Some of my Malay friends think public caning is a great idea - Commander S THAYAPARAN (Retired) Royal Malaysian Navy
Wednesday, September 05, 2018
Malaysiakini : “There is not eternal damnation, the only rewards and punishments are right here in this world.” - Stanisław Ignacy Witkiewicz, ‘The Madman and the Nun: and Other Plays’ COMMENT| As quoted in the press upon his acquittal of graft charges, Finance Minister Lim Guan Eng said something rather queer. Of the people who throw “malicious lies” - is there any other kind of
lies? - he claimed that their fate would be decided by God Almighty.
Really? Then I suppose there is no need for libel and slander laws, not
to mention the fact that he has taken up cases against those who have
spread lies about him before.
However, those who invoke their god, either for reward or punishment are a dime a dozen here in Malaysia. Speaking of those who speak on behalf of higher powers, this brings
us to the public caning of the two women in Terengganu for same-sex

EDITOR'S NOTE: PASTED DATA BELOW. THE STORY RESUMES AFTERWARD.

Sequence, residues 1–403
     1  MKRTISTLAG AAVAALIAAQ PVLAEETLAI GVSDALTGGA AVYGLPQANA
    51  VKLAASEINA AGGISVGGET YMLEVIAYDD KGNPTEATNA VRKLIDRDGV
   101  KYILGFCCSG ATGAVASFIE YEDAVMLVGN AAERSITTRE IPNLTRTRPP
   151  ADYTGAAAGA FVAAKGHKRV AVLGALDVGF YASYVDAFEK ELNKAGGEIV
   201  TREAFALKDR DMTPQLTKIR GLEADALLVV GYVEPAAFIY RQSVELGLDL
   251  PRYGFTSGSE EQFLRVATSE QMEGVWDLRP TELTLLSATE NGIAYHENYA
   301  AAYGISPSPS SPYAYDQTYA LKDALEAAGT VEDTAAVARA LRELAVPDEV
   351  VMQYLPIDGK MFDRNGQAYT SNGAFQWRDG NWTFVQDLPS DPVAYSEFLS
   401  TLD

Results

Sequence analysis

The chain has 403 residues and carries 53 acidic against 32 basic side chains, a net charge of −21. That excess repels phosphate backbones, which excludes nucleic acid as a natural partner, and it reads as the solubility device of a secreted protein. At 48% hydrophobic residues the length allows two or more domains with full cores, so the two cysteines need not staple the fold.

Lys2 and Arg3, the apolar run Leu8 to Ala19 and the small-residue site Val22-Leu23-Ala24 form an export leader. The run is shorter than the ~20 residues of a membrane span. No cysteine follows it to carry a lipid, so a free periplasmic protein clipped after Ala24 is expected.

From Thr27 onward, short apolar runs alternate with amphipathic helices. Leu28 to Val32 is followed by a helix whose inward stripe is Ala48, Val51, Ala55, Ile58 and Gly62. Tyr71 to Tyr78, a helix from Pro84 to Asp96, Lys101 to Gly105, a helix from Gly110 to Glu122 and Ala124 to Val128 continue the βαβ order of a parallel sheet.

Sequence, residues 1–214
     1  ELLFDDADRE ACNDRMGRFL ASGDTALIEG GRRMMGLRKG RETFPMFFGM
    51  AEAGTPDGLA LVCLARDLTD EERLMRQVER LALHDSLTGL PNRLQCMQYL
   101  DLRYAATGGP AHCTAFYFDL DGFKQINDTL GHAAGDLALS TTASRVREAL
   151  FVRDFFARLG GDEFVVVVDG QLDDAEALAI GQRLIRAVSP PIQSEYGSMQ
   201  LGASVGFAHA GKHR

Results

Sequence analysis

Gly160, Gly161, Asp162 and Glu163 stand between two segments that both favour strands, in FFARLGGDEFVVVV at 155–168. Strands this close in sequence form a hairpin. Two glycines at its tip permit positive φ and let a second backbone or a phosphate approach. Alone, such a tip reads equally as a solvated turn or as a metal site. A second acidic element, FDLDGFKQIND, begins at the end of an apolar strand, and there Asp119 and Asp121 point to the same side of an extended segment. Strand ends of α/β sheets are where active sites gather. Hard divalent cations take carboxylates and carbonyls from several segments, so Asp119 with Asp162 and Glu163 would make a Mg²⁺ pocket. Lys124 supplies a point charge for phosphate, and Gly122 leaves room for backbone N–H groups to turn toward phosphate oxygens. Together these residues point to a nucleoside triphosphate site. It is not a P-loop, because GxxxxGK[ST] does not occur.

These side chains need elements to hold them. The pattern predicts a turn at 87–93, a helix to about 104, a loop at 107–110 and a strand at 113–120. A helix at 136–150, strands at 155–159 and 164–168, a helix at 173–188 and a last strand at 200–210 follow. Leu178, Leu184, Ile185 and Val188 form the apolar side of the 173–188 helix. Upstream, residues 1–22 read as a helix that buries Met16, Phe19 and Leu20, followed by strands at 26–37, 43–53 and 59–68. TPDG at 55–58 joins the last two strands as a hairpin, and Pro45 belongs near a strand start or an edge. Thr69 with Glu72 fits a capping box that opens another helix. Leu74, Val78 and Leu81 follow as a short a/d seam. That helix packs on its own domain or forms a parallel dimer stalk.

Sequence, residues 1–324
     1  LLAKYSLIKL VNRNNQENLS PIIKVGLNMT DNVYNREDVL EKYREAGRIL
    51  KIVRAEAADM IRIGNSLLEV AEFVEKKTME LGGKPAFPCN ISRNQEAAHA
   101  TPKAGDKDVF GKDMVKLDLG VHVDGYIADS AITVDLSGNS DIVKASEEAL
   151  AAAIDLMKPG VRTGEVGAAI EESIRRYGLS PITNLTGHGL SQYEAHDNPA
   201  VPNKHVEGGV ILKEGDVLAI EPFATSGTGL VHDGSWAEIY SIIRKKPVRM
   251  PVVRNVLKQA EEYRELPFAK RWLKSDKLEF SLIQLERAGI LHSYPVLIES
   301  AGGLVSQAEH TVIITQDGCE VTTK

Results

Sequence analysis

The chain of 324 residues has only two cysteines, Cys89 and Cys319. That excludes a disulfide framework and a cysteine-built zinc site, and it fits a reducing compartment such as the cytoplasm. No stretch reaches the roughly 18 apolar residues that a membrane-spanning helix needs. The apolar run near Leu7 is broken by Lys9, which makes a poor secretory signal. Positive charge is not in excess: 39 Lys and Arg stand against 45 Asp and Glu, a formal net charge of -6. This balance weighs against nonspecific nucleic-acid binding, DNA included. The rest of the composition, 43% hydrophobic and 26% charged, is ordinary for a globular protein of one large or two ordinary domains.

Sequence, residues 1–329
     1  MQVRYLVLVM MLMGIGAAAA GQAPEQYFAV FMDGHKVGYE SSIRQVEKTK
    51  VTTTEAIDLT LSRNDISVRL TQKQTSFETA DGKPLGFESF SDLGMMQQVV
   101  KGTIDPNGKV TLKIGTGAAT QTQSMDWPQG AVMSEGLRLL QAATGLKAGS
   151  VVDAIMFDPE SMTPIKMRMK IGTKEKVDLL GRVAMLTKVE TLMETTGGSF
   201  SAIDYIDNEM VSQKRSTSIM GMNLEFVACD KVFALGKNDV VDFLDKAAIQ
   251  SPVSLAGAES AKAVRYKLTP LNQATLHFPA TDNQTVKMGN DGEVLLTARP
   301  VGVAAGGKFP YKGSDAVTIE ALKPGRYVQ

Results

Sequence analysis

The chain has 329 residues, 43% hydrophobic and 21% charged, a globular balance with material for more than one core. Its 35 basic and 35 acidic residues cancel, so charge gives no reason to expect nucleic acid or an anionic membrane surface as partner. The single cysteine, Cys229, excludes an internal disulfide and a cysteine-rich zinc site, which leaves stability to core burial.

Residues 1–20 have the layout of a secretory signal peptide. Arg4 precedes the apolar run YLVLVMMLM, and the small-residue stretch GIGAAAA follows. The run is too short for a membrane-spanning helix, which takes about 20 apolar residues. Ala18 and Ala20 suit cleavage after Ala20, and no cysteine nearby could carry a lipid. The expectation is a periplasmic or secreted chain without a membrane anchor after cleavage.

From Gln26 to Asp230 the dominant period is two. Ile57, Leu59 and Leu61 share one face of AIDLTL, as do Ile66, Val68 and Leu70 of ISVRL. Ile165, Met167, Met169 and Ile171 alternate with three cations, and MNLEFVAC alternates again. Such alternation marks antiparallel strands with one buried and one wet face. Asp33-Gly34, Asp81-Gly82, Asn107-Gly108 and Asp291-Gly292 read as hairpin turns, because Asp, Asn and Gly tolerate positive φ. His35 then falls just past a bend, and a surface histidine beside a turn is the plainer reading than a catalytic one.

relations or illicit sex, or both. Malaysiakini columnist Mariam Mokhtar in her latest piece about unshackling the enslaved Malay mind claimed anyone who does not have a Malay friend is part of the problem.
Having a Malay friend to drag to a forum or starting simple
discussions is apparently how the non-Malays can help unshackle Malay
minds after years of indoctrination by the Umno state, the continuing
efforts of the Pakatan Harapan state and, of course, the manipulations
of preachers of the state-sanctioned religion. I cannot speak for the rest of non-Malays, but I have many Malay
friends. Some of my Malay friends, depending on their economic and
social level, believe that their privileges either hamper or have been a
benefit to them and their families. Some of them claim with so many
children, they need all the help they can get.
While the old maverick talks
about the wonders of birth control and our rubber industry, the same
does apply to population control when it comes to the vote base, I
guess. Of course, my friends - Malay, Chinese, Orang Asal and Indians -
do not necessarily have to share the same beliefs as me to be considered
friends. Do people only mix with other people who share their beliefs?
And do you really think that only Malays think that their minds are
shackled or that their religion shackles their minds? Would you say the
same to a religious Christian, Hindu or Buddhist who does not share the
same religious dogma as Muslims but in reality, when it comes to
cultural and social norms, they have exactly the same religious/cultural
prejudices? So really, some people do share the same religious dogma;
it is only they do not have the power of the state to back up their